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    Peter Smout Memorial Essay Writing Competition 2021

    We are delighted to announce that our annual Peter Smout Memorial Essay Writing Competition is now open! 

    This competition is for Kimbolton School pupils in the First to Lower Sixth Forms. It has been made possible thanks to the generosity of an anonymous Old Kimboltonian who thought highly of Peter Smout, a much-respected former Kimbolton Senior Master.

    Please read the instructions below on how to enter (also available as a pdf download from the bottom of this page).

    The essay topic for 2021 is: Can violent protest ever be justified?
     
    Background:

    Struggling against the powerful is a tradition that stretches back generations. Change is often presented as a gift granted by the powerful, but it has much to do with the struggle and sacrifice of those from below. All members of a democratic society have a right to protest and to campaign for change. In the 20th century, Britain became a democracy, with a government that was supposed to be 'by the people for the people'. Most protest, therefore, was peaceful, and attempted to persuade the government to change its mind. Nevertheless, peaceful protests can easily tip over into violence and rioting.
     
    For our annual summer essay competition this year, we would like you to consider the issue of violent protest and whether violent actions can be justified in order to bring about important political and social change.
     
    There are many examples of peaceful and violent protest you will be able to draw on, some historical and others very recent. One of the first mass protests in Britain was the Peasants’ Revolt of 1381 (violent in nature), which you will all have studied as part of the school curriculum. You might also refer to other famous struggles such as the Suffragette Movement campaigning for the female vote (using some violent tactics) and the US Civil Rights campaign, during which Martin Luther King advocated peaceful protest. More recently, we have seen direct action taken by Extinction Rebellion and Black Lives Matter. Some of these protest movements have proved successful, whilst others did not achieve their aims.

    Essay structure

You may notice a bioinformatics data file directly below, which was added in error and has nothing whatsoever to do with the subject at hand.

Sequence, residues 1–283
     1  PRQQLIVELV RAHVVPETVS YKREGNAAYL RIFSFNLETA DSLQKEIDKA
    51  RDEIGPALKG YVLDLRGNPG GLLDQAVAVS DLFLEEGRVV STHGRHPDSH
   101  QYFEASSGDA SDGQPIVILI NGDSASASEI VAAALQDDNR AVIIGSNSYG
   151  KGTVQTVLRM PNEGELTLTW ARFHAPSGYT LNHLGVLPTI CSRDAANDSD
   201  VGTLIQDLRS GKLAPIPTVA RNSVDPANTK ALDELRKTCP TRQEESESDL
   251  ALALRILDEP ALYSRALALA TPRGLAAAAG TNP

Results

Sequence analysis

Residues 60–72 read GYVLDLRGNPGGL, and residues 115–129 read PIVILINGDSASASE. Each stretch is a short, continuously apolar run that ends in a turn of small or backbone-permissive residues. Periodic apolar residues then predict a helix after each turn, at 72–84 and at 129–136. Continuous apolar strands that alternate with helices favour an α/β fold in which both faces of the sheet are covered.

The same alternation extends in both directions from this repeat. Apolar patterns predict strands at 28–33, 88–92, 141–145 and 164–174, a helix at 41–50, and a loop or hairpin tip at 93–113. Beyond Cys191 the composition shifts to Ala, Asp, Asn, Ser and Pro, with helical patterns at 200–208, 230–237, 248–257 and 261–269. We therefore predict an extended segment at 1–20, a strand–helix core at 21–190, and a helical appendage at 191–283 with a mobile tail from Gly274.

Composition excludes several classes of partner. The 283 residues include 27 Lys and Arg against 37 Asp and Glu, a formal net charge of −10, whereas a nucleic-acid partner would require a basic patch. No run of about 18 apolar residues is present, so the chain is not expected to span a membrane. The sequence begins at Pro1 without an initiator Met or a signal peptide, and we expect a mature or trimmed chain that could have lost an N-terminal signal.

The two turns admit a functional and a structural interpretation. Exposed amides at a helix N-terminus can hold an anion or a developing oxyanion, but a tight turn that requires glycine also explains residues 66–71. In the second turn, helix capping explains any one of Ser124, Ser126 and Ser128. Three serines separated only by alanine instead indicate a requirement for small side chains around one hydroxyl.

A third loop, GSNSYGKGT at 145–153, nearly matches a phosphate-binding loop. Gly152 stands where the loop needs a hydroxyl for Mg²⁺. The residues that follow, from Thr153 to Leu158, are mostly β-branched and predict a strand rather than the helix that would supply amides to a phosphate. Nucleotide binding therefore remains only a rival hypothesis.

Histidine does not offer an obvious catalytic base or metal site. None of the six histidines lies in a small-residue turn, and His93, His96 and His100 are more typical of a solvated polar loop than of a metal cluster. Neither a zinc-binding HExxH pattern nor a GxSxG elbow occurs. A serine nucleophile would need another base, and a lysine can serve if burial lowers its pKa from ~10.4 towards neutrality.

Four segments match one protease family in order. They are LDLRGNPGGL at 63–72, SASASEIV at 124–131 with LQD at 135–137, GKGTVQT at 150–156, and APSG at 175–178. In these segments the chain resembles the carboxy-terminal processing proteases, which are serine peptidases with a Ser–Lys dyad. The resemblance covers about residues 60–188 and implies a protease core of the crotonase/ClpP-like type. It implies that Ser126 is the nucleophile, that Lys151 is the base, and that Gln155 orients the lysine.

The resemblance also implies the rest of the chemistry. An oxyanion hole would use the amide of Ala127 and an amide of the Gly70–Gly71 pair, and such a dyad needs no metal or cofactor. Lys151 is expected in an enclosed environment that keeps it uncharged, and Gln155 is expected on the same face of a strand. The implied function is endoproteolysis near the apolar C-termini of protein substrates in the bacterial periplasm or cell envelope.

We are looking for you to consider both sides of this debate, whilst presenting your own line of argument. It would be a good idea to include some specific examples of positive and negative aspects of both peaceful and violent protests, with some historical or more recent examples to help illustrate your explanations.

    Starting your research:

    There is plenty of recommended reading material to view on Showbie, along with Mr Newsam’s introductory video (course code P5WZH). However, the following BBC website also provides a super overview of this topic here.

    Length of Essay

    Essays submitted should be in the region of 1500 words.

    Entry Deadline

    To Mr Newsam’s inbox/pigeon hole by Monday 13th September 2021

    Prizes

    Overall winning essay – £200

    Two consolation prizes:

    Senior Category (4th to L6th Forms) – £100

    Junior Category (1st to 3rd  Forms) – £100


    Peter Smout 1929-2006

    Peter Smout, former Kimbolton School Senior Master

    Charles Anthony Peter Smout (known as Peter) was born in Birmingham on 14 November 1929. Following school at The Leys, National Service in the Army, a degree at Cambridge and teaching practice at KES Birmingham and Kimbolton, Peter joined the staff of Kimbolton School as an English teacher in 1954. He remained here for 35 years, becoming Second Master in 1964. Many former colleagues and pupils remember him as the originator of outdoor Shakespearian productions in the castle courtyard; now home to a memorial bench bearing his name.

    Peter had many and varied interests, including football, birds, butterflies, the church and opera. The Kimboltonian magazine of 1989 notes: "He always welcomed the opportunity to broaden his already diverse interests, and the Printing Club, the Wine Club, the Paperback Bookshop and the School magazine all benefitted from his enthusiasm and efficiency."

    In addition to his School commitments, Peter also stood three times as parliamentary candidate for the Liberal Party in the 1970s, highlighting environmental issues and on one occasion polling over 17,000 votes. A former colleague recalls: "Many of those votes were in addition to any national swing, reflecting personal support gained by diligent long-term canvassing."

    Peter celebrated his golden wedding anniversary in 2004 and remained in good health until his death on 22 December 2006, aged 77. He leaves his wife Mary, two sons and four grandchildren.